The Daily Herald reports that the latest Illinois state test results show a somewhat alarming trend – state reading scores for high school juniors in urban areas are dropping. In the case of the suburbs, scores are flattening. The article asks, “if there is a problem, what to do about it, especially now that we are in the Digital Age?”
That there is a problem seems pretty clear to us. We work with a wide range of educational settings including community colleges and GED programs — places where students go to get a second chance. It is striking just how poor the literacy skills are of some of these students. Many of them begin these programs reading at a 5th or 6th grade level.
It’s always been important for teenagers to interact with their peers. In the Digital Age, they can now do it 24 hours a day, 7 days a week.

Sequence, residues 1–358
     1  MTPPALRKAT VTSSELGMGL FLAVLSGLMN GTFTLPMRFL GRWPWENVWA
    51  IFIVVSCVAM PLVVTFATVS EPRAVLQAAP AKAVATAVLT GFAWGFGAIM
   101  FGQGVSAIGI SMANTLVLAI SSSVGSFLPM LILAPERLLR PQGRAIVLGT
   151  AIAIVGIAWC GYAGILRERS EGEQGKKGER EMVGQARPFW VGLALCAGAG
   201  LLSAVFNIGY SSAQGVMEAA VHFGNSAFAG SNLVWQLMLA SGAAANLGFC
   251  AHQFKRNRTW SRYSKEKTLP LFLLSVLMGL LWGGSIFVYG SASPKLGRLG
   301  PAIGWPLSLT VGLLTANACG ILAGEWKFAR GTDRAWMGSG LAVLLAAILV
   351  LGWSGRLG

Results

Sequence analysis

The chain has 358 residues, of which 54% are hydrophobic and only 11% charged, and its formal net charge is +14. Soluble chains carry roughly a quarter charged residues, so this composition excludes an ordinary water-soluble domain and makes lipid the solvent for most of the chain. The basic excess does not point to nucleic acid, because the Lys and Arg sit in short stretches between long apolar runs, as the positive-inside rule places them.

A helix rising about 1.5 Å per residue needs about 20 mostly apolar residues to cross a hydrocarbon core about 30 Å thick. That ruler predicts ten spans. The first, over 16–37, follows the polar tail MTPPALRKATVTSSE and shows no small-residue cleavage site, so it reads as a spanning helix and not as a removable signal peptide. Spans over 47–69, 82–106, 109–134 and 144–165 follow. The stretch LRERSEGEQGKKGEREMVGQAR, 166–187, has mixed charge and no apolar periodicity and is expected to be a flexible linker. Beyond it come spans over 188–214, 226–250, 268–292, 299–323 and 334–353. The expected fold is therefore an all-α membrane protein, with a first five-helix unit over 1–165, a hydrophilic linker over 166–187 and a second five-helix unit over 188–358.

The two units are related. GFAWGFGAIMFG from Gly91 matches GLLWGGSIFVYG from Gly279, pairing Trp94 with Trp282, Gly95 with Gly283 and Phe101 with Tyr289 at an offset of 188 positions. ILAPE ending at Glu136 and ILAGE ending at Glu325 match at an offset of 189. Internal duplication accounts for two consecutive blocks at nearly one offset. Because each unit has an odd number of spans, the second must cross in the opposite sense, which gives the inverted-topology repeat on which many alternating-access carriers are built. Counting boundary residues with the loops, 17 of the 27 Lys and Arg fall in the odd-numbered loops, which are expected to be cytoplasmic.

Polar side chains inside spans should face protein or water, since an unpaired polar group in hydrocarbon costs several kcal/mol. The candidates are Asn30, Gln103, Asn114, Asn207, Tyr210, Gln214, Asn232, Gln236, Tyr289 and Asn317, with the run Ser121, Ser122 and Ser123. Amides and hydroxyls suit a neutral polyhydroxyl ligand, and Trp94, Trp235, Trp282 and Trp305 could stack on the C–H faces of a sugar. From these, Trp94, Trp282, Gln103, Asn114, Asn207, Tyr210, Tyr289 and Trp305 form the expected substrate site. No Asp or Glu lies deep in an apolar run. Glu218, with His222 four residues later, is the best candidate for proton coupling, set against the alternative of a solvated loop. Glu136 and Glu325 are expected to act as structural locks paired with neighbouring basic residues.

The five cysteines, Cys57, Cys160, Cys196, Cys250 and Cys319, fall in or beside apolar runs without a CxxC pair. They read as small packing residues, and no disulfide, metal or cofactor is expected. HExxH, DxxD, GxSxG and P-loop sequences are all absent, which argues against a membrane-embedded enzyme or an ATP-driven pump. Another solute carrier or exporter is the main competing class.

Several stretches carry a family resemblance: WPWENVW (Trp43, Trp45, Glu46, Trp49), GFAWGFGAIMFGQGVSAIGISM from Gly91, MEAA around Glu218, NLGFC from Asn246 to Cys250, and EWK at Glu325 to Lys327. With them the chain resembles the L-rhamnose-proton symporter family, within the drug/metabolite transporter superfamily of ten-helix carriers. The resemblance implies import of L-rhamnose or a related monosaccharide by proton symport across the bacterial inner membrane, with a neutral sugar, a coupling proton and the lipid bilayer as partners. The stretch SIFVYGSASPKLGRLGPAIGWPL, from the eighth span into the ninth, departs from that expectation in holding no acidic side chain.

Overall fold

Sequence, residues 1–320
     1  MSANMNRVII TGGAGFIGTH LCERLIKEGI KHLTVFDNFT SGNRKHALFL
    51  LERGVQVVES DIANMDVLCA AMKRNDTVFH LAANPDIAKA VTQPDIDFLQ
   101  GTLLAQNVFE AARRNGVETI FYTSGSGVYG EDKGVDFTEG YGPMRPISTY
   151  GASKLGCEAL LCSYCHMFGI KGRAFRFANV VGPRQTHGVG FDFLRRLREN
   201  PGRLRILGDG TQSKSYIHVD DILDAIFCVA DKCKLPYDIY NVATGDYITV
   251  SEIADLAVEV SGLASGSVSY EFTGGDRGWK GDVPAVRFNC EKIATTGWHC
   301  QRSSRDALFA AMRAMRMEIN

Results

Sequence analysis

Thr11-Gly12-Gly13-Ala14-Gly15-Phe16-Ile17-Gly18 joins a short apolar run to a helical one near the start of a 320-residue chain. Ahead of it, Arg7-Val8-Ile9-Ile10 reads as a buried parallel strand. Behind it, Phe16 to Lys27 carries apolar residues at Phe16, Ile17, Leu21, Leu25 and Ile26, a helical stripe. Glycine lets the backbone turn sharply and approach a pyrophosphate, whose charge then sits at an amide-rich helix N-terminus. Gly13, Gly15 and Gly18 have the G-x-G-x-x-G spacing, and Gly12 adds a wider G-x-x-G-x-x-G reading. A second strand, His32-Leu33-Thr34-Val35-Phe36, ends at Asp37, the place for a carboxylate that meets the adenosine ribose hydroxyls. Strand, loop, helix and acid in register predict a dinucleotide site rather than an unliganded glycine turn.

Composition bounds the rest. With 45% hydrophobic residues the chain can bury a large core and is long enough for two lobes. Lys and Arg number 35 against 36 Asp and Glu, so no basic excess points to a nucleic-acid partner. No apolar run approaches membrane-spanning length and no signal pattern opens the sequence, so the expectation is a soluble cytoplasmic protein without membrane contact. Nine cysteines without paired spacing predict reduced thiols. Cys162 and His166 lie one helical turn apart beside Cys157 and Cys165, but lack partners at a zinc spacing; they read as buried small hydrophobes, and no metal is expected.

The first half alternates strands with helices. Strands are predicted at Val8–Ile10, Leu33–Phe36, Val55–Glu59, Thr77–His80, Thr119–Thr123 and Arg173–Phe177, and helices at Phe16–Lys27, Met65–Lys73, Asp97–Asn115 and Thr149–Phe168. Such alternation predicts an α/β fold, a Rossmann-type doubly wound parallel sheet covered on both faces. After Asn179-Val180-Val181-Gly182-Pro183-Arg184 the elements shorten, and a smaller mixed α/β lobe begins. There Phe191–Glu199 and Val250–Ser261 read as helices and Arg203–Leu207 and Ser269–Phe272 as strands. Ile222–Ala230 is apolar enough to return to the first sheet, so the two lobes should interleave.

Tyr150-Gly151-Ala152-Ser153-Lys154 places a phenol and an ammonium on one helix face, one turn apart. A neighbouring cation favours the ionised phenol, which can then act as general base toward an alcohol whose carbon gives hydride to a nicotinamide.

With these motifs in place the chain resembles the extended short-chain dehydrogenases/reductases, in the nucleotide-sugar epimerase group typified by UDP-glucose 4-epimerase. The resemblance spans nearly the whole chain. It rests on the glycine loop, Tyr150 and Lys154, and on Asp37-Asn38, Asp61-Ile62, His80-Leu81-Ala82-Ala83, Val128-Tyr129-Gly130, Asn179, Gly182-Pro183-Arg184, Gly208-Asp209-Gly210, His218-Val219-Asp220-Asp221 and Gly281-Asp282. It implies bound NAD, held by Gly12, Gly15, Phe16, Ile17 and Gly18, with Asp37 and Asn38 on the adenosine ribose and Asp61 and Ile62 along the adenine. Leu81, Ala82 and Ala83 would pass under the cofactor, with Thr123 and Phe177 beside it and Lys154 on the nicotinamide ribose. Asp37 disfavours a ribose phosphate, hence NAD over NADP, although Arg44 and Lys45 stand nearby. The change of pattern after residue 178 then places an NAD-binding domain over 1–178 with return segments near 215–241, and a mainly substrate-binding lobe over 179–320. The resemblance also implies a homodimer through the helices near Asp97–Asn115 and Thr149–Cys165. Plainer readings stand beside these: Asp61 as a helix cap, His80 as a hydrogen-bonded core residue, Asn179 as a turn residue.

Technology has become a way to reinforce their interests all the time. Teenagers would rather spend time chatting with friends, shopping online, and watching webcasts using the Internet than reading books. Books are less often perceived as a source of information or entertainment.
Additionally, technology has shortened students’ attention span. They are used to immediate gratification that technology provides. This just makes keeping students’ attention in school and on homework more difficult.
Going forward from here, we have a few suggestions to improve reading skills and test scores:
1) Help students make personal connections to the books they are reading in school. Students need to quickly see the benefits of the books they are reading and how the books affect THEM. Educational technologies such as Book Punch can assist teachers with this task.
2) Stop teaching to the test. Teaching to the test bores students. It teaches students how to memorize facts and answer questions in the format they’ll see on standardized tests. This doesn’t teach them how to work with facts, make interpretations, or develop their own critical thinking skills.
3) Teach core reading skills, at least a little bit, beyond 3rd grade. Currently, in U.S. public schools, it is assumed that students know how to read once they reach upper elementary school levels. This is an unrealistic premise.